by Dylan Lee.
“I have a dream that my four little children will one day live in a nation where they will not be judged by the color of their skin, but by the content of their character.” (Martin Luther King Jr, 28 August 1963)
Two scores, one decade, and nine years ago, a renowned American gave an eminent speech that would one day be celebrated as a turning point in not just African American history, but in American history as a whole. As Reverend Dr. Martin Luther King Jr.’s words ring in our ears, we are reminded of the same vicious cycle of hatred, discrimination, bias, and confusion that continues to circulate this nation 59 years later, threatening to unravel the progress made during the Civil Rights Movement.
However, it is never too late to teach and to act. It’s evident in the many prominent figures in history—acclaimed woman poet and author Maya Angelou, NASA Mathematician Katherine Johnson, former United States President Barack Obama, and so many others—that the African American experience is a rich contribution to what it means to be an American and how to achieve the American Dream.
Nonetheless, the history of America is distinctive. “White America must see that no other ethnic group has been a slave on American soil. That is one thing that other immigrant groups haven’t had to face,” King once said. “The other thing is that the color became a stigma. American society made the Negro’s color a stigma.” As a result, with the influx of new immigrants over the years, Latinos have also struggled with the burden of the color of their skin.
“When white Americans tell the Negro to ‘lift himself by his own bootstraps,’ they don’t look over the legacy of slavery and segregation,” King added. “I believe we ought to do all we can and seek to lift ourselves by our own bootstraps, but it’s a cruel jest to say to a bootless man that he ought to lift himself by his own bootstraps.”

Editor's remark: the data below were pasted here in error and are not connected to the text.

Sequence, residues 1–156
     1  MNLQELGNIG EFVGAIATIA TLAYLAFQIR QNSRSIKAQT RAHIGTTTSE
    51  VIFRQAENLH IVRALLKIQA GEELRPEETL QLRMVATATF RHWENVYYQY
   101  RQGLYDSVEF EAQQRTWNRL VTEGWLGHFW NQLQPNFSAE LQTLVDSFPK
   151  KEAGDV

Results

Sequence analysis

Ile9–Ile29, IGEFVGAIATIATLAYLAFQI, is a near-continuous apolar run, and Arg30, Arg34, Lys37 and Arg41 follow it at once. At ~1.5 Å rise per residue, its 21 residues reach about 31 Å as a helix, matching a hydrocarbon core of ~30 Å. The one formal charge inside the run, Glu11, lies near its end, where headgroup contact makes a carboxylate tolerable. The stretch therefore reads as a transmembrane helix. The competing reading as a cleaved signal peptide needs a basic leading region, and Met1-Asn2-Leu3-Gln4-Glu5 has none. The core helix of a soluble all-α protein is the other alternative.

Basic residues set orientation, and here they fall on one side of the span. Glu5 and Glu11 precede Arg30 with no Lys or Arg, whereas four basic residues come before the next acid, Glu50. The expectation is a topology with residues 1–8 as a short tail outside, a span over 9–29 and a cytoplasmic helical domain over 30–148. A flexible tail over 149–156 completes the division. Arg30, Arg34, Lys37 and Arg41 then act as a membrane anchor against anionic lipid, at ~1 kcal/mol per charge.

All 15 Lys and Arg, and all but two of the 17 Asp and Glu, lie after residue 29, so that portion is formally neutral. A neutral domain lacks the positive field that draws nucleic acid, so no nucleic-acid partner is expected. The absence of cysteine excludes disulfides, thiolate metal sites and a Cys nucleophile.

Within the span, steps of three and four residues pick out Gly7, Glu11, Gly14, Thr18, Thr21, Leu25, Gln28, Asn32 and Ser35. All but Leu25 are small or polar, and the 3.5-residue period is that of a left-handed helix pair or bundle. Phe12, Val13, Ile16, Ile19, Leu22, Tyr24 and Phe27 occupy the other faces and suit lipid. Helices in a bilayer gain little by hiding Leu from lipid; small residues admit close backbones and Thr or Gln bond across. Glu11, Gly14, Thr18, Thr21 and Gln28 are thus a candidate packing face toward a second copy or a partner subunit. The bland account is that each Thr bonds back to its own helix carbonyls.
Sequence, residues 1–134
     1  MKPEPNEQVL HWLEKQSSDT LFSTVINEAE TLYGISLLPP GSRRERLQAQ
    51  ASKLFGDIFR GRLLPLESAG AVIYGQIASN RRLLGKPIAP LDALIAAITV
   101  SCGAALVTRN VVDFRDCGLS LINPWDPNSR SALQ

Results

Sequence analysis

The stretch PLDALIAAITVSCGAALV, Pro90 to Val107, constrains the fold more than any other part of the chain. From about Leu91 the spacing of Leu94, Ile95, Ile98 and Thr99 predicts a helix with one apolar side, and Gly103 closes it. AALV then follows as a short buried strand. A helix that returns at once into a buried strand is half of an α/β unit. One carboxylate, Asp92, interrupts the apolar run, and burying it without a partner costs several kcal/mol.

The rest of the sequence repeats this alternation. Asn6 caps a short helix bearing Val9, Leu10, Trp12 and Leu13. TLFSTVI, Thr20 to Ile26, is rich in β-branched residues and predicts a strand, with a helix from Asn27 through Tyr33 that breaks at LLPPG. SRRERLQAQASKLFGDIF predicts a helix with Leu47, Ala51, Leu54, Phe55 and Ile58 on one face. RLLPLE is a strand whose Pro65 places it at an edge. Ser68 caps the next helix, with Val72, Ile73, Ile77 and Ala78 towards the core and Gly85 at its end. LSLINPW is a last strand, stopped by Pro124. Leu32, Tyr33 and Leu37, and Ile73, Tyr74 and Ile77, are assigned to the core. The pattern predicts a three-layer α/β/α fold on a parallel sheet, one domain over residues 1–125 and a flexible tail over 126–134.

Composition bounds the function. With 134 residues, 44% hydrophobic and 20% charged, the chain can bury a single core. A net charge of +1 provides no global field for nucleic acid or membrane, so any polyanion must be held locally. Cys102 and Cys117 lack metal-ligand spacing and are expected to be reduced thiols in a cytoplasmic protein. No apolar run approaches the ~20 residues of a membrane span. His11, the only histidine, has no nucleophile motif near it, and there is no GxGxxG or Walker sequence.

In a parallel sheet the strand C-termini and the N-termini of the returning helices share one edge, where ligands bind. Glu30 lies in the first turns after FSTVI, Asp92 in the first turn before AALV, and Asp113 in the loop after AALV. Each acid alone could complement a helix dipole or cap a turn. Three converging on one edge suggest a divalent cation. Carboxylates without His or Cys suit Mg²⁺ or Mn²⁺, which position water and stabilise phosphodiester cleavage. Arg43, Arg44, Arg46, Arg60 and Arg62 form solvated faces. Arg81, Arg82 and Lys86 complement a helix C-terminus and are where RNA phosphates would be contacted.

Not to diminish the struggles of other people of color in America, but the African American experience is unique to the development of American history. That history shouldn’t be celebrated and taught about for only one month, and it most definitely shouldn’t be used as a mechanism to meet a particular quota, in an attempt to demonstrate a lack of ignorance and bigotry.
The history of “Black America” should be heavily incorporated into the teaching of American history because it is a central part of why the United States of America is America. Yet at the same time, it shouldn’t be institutionalized so that future generations become apathetic and indifferent to the special perspective African Americans have in this country.
Instead of victimizing enslaved people, we need to show people that they were survivors of a broken system. Through using Underground Railroad codes like the “Promised Land” and “Heaven” to allude to Canada or freedom, the “River Jordan” to refer to the Ohio River, the term “Shepherds” to acknowledge those who encouraged slaves to escape and escorted them, and “Moses” to honor Harriet Tubman, those who were enslaved demonstrated an incredible determination to fight their way to freedom.
Their resilience helped them escape the chains of bondage while providing hope in faith and God, which ironically, is the same faith their oppressors used to justify raping their women, emasculating their men, and depriving their children of an identity. This is only part of the story of their resilience: taking that faith, learning from the true lessons of it, and embracing the real message as their own.
As America loses the true motivation for celebrating Black History Month, race becomes a sensitive topic. Unable to accept her embarrassing racial past, America tries to hide her dark and grim history with African Americans.
Celebrating Black History is not about assigning blame. It’s about openly having a conversation: one that would lead to empathy—not sympathy or pity—for the opposite race and an understanding of one’s current role in society.
This is how we move forward.